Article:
Board ponders health clinic

POULSBO — The North Kitsap School board members didn’t make a final decision on a school-based health clinic during their meeting Thursday night, but they took a step toward accepting it.

Board members directed Superintendent Gene Medina to pursue an agreement between the district and the Kitsap County Health District, which has offered to establish and fund the clinic.

Several commissioners said they supported the clinic, but all concurred that they would have to review the agreement between the two districts, school and health, before they voted.

“I’m not guaranteeing that we’ll approve it, but I want to go forward to help kids any way we can,” board member Catherine Ahl said.

The clinic, which will be housed in what is now a storage room at Spectrum, has become controversial since it was first introduced to the board in December 2002.

Several community members have spoken at each meeting since, both for and against the proposal, with opponents saying that the clinic could break down communication between children and their parents, and supporters arguing that students in the North End have a dire and sometimes urgent need for access to health care.

While a final decision was not made Thursday night, board members injected two new wrinkles into the public conversation, which has become heated and sometimes emotional during meetings.

The first is that several board members emphasized the district would not pay for the clinic.

Kitsap County Health District Director Scott Lindquist said in previous board meetings that the health district would carry the cost of the clinic, with money to come from its own funds and perhaps federal grants.

But with the economy stalled and several sources of school funds in peril, the school district has become all too familiar with how difficult it is to keep programs running.

“When the money dries up, the program ends,” Dick Endresen said.

Another new point was brought up by Medina, who had consulted with the district’s lawyer about a waiver, which Lindquist said parents would have to sign before their children could be treated at the clinic.

The clinic may not be allowed to offer that waiver under federal law, Medina said.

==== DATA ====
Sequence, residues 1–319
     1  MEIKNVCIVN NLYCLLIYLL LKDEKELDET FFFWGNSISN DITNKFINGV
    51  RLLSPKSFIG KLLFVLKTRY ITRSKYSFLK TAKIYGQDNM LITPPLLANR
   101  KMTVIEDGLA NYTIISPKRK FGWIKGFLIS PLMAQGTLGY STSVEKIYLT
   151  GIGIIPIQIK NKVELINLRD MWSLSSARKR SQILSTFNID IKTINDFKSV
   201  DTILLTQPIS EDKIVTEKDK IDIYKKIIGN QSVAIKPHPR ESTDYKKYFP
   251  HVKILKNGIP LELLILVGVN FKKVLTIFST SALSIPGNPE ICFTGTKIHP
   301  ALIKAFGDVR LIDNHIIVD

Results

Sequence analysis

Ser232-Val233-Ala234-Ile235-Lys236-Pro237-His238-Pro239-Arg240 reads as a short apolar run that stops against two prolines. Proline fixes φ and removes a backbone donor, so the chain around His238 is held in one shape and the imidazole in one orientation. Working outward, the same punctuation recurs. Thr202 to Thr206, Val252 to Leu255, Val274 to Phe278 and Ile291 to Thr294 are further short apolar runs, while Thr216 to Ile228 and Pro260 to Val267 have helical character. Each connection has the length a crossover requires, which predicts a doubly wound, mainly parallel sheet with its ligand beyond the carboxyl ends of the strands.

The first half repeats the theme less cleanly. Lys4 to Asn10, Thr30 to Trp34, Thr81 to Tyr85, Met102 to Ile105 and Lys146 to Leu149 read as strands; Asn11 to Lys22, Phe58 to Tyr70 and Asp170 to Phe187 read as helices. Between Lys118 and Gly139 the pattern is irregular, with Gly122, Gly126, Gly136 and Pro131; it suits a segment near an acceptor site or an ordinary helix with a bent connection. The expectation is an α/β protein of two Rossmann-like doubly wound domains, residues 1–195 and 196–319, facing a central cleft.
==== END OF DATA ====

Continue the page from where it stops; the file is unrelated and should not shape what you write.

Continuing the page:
According to the law, anyone under the age of 18 can be required to have parent’s permission to receive primary health care: normal checkups with a physician, sports physicals, ear, nose and throat exams, etc. But minors cannot be denied other kinds of health care, including those areas that have been most controversial in school-based health clinics: reproductive health information, contraceptive information, mental health care or drug abuse care.

The district is still double-checking the legality of a waiver, Medina told the board, and has already looked into how other clinics, including those based in Seattle, deal with the issue.

That issue will be included in the language of the interagency agreement.

The board meeting was more crowded than usual and not just because the Poulsbo Junior High select girls’ choir performed a pair of songs for “Board Appreciation Month.”

As has happened at the last two meetings, several community members spoke out for and against the clinic.

Kit Foley, an Indianola resident who is a licensed counselor with experience in three school districts, said she has often seen students who have basic health-care needs that haven’t been met.

“They were held back from achieving what they could in school,” Foley said. “It isn’t that their parents don’t care... they simply couldn’t afford it.”

“I believe that healthy children make better students,” said former school board member Jean Wasson supported the clinic.

Others took a stand against the concept.

“My belief is that most options offered at the clinic are best left to parental discretion,” said 14-year-old student Jasmine Henry, who is home schooled.

Another of the clinic’s critics, Cris Shardleman, made a joke after she adjusted the microphone on the lectern.

“This is getting to be like home,” she said, sending ripples of laughter through the crowd.

Shardleman brought up several points and said that even if the district did not pay for the clinic, somebody would.

“The $50,000 is tax dollars, no matter where it comes from,” she said, referring to the approximate cost to run the clinic for one year.

Many of those who spoke about the health clinic waited through most of the three-and-a-half-hour board meeting to hear the board’s discussion.

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